Critique of the Week – Runner Up

Yup. The man with three names says it all. If you missed it. You missed it.

DEATH OF A SALESGIRL
Jesse David Corti – Stage and Cinema

BETTER THAN THIN MINTS FROM A GIRL SCOUT

The World Premiere of Patricia Scanlon’s Death of a Salesgirl is a must-see surreal tragicomedy presented by The Bootleg Theater. Its fresh and innovative use of space coupled with its inspired use of integrated multimedia make the already powerful piece that much more immediate to today’s attention deficient audience. If Death of a Salesman was fraught with a Eugene O’Neill-esque understanding on toxic relationships with the vision of David Lynch: this would be the end result. Salesgirl Catherine (Cat for short) checks into her room, spending the last $300 to her name to cover the security deposit, hoping that tomorrow she will be able to break new territory and be somebody…somebody special. But before she hits the sheets and counts her sheep, the nightmare begins. A kaleidoscopic clash between the crippling forces of the past and the healing power of the future builds to a cacophonous climax with a starkly sobering resolution. Director Matthew McCray raises the overall effectiveness of the piece with a dazzling synthesis of multimedia, deft staging, and allowing the actors the freedom to boldly portray their off-kilter characters. This well-written three-person play flies by in eighty minutes with its stirring visuals, madcap mayhem, black humor, and engrossing performances.

Scanlon works double-duty as playwright and lead actor of the production. She crafts a strong piece that not only deals with the hare-brained insane world of sales, but delves deeper into the darkness of dependency and co-dependency. No person, object, or room is safe from the toxicity and abuse of alcohol. As Cat, Scanlon gives an unforgettable performance from the first monologue through the final exit; throwing everything she’s got including the kitchen sink. There are a few moments where she draws out the moments too long, but apart from that her performance is electric, hilarious, and riveting as the girl looking for the right direction, trying to escape the past that continues to claw and hold her captive. Paul Dillon gives a tremendous performance as her mysterious friend Frank balancing his character’s brutal alcoholic behavior and paternal banal sense of humor with great dexterity. Jeremy Mascia (Michael/Management) plays his roles well and doesn’t detract from the production. With the two aforementioned talents and the meatiness of their roles—this part ought to be as small as its written and as economically played as he performed it.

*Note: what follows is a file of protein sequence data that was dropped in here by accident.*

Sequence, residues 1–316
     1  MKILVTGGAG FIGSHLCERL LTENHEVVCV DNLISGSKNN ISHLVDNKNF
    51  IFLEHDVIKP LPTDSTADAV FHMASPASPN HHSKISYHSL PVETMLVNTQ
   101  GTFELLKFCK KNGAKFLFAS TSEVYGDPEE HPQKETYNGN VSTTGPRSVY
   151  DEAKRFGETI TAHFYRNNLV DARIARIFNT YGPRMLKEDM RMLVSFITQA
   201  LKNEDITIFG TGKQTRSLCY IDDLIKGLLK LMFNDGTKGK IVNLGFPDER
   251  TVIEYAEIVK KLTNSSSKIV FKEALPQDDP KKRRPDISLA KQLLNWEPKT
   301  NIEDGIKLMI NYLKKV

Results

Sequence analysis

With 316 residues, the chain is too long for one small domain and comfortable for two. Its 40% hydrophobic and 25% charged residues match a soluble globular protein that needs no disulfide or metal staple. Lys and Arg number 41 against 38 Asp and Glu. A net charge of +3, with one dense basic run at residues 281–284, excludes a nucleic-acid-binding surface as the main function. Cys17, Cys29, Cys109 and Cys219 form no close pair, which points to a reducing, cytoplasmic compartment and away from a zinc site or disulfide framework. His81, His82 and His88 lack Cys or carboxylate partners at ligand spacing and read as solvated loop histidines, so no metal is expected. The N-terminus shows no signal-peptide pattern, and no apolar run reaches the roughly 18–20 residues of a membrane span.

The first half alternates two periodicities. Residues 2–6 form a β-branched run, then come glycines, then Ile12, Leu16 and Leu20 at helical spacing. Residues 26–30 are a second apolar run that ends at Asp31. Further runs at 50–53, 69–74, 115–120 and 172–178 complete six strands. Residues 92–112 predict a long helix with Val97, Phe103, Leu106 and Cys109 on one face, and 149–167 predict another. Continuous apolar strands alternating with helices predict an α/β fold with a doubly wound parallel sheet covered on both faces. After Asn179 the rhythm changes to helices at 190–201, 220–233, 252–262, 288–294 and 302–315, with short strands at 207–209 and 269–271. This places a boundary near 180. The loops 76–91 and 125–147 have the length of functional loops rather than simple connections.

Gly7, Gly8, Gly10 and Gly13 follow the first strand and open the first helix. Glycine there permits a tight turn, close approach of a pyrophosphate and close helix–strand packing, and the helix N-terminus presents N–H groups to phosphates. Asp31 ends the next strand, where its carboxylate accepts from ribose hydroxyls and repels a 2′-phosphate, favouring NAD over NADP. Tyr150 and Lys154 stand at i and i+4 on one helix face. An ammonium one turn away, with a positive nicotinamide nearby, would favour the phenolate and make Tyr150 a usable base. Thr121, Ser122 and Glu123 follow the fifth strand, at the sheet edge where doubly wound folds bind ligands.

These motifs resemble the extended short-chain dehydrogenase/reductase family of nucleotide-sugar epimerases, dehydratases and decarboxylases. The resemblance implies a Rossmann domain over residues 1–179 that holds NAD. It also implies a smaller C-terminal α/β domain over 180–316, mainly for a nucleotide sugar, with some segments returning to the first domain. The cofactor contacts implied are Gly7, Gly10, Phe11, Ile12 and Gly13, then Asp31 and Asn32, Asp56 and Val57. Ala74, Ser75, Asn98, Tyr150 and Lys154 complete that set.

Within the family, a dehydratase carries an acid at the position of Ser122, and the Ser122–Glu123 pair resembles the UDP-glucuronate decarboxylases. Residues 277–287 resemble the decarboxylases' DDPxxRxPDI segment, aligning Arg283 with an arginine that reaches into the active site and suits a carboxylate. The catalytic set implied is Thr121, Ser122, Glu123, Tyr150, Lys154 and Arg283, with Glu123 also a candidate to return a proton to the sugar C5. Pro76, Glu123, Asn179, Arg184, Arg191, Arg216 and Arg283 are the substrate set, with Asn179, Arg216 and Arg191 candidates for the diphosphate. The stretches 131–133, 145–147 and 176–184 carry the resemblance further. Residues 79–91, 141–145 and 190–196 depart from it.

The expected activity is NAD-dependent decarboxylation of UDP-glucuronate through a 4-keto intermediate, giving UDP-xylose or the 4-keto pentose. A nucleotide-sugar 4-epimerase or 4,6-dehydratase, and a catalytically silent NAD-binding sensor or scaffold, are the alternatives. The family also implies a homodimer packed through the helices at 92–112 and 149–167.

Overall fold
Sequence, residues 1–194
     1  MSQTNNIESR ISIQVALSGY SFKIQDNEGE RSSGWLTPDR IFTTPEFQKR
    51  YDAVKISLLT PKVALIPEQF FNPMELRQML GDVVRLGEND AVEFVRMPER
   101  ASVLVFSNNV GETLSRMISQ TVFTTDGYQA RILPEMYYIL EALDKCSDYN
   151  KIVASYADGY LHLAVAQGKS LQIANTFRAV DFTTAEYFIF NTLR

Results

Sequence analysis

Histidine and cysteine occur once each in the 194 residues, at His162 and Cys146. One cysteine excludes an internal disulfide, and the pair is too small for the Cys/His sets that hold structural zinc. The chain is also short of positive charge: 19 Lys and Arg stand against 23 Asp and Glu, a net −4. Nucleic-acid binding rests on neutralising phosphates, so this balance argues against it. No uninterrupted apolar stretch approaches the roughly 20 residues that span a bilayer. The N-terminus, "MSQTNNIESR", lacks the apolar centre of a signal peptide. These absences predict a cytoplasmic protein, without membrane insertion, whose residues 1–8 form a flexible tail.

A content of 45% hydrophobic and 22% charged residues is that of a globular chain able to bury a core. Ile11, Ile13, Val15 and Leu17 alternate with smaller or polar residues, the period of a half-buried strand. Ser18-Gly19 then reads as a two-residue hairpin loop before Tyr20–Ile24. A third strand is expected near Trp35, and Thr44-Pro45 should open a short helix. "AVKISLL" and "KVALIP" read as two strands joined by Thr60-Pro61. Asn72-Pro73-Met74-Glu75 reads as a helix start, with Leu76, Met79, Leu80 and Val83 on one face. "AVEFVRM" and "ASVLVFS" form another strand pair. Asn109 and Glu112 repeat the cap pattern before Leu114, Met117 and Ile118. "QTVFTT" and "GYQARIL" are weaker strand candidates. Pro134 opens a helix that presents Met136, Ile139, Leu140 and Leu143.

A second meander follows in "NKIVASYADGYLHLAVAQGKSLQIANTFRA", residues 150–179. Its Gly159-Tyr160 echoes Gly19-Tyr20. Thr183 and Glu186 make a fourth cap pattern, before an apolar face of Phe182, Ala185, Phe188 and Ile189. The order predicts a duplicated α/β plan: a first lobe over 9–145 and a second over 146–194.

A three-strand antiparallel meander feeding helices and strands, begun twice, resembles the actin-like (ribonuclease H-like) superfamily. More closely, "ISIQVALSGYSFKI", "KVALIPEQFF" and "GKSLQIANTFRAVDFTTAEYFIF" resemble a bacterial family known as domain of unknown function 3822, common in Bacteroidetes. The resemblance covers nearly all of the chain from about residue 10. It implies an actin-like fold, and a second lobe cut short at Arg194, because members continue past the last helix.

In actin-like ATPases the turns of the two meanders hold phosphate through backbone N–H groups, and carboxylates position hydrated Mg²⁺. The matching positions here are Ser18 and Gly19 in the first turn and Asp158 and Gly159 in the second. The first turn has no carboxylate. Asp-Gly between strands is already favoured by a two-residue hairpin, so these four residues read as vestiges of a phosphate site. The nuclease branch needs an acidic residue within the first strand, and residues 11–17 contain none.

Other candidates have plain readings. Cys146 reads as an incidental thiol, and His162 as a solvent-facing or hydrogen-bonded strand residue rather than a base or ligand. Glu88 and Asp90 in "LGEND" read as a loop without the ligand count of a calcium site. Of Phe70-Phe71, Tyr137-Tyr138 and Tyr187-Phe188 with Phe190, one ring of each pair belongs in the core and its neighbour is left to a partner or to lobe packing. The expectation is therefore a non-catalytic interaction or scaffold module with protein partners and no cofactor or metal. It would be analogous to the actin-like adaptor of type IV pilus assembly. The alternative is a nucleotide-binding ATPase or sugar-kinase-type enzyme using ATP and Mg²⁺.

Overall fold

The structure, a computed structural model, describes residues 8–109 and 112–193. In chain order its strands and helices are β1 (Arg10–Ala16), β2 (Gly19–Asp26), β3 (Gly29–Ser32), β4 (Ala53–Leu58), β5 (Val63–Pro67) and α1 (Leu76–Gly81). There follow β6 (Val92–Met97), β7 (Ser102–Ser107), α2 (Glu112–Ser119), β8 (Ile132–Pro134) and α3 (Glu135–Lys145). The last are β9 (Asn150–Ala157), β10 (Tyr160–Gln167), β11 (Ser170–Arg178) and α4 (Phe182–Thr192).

The technical aspects are stunning and superb. First, Francois-Pierre Couture’s set and lights start simple, but throughout the course of the play the complexities and detailed nature of each are exhibited and exposed in an eye-widening fashion that is unfair to reveal. The set comes alive with a few surprises and the lighting maintains a feverishly eerie atmosphere. The video and animation provided by Adam Flemming and Dan Lund, respectively—is refreshing and astonishing akin to Disney’s Song of the South and Zemeckis’ Who Framed Roger Rabbit. All the more impressive as the effects are executed live; the actors interact with the projections seamlessly, driving the story forward dynamically. John Zalewski’s sound and music help seal the atmosphere with a Badalamenti-meets-Manfredini mood: Chilling and dissonant, but haunting and ethereal.

Salesgirl uses the MacGuffin of Cat’s need to be the best salesperson to shed light on what poisons an individual and holds them back from realizing their full potential. It offers a solution that is not only gratifying on an artistic level but on an emotional level as well; resonating long after the final fade out. The multimedia pizzazz will attract a group of theatregoers that would be more reticent to attend ‘a night of theater’ and they will be pleasantly gob smacked by this subversively sophisticated piece. Given this period of a suffering economy and unemployment still high, this play is timely—but with the sharp analysis of the tumult and torture involved in toxic, unhealthy relationships—the piece is timeless.

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Colin Mitchell About the Author: COLIN MITCHELL: Actor/Writer/Director/Producer/Father, award-winning playwright and screenwriter, Broadway veteran, Marvel comics scribe, Van Morrison disciple, Zen-Catholic, a proud U.S. Army Brat conceived in Scotland and born in Frankfurt, Germany, currently living in Los Angeles and doing his best to piss off as many people as possible.

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